In Huda Al-Jazairy's view, "Falluja has become a center of resistance from all directions." Some foreigners came, and there are supporters of Saddam Hussein, she says. But the "real reason," she believes, is that the Americans trampled on Fallujans' strong religious beliefs and culture.

"In Fallujah especially," she said, "they are afraid of any strangers coming to their houses and looking at their women." From the beginning, she said, they told this to the U.S. Army. But over the past year, as many news reports have shown, U.S. troops repeatedly conducted house-to-house searches in Falluja, pushing into bedrooms, humiliating men in front of their families.

Many point to an incident one year ago in Falluja, in which U.S. soldiers killed and wounded dozens when they fired on a group of rock-throwing demonstrators.
Nevertheless, Huda Al-Jazairy emphasized her sympathy for the American soldiers. "I am sure they are forced to do that," she repeated several times. Last week, she saw a news photo of a U.S. soldier returning home to his family. "I saw the tears in their eyes," she said. "I was very sad. I feel sorry for all the American mothers."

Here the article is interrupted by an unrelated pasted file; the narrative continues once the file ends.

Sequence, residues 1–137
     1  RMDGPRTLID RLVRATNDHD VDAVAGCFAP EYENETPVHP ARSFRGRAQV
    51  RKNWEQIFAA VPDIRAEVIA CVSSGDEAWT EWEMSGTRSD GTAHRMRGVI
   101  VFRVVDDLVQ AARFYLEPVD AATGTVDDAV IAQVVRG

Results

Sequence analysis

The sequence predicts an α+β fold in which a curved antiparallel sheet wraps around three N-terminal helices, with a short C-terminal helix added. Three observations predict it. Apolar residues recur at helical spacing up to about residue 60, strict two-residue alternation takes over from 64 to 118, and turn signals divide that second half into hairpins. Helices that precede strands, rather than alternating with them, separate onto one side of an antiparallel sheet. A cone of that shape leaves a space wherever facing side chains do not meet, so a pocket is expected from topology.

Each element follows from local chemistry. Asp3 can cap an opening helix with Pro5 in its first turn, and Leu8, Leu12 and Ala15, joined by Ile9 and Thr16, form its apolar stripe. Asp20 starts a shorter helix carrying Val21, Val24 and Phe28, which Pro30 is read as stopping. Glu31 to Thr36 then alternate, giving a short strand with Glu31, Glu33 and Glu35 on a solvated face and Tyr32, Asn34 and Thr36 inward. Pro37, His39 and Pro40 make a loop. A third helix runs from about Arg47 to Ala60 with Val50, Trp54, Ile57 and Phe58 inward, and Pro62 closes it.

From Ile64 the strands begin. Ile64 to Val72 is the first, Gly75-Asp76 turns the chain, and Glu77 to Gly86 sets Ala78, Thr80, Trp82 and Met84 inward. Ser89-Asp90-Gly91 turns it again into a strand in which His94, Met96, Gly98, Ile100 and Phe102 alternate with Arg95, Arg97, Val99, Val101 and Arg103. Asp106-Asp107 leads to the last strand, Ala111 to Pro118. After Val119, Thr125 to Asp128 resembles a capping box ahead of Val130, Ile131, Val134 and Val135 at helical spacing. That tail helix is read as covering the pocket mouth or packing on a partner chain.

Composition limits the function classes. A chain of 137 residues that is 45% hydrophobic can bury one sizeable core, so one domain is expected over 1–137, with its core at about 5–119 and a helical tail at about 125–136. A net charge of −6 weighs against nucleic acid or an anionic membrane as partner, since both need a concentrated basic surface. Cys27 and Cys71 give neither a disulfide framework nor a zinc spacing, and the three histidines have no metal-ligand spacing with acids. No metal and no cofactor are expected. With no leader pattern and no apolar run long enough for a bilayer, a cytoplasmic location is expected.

"We felt the same when Saddam Hussein sent our soldiers to Iran and Kuwait. They were our husbands, fathers and sons. They were forced to do that."

She said she wants to tell U.S. families, "We are very sad when we see the American soldiers. But it's not our responsibility. The responsibility is on the American government for forcing this hard war."

The author can be reached at suewebb@pww.org.

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Eat Shit 04.May.2004 10:13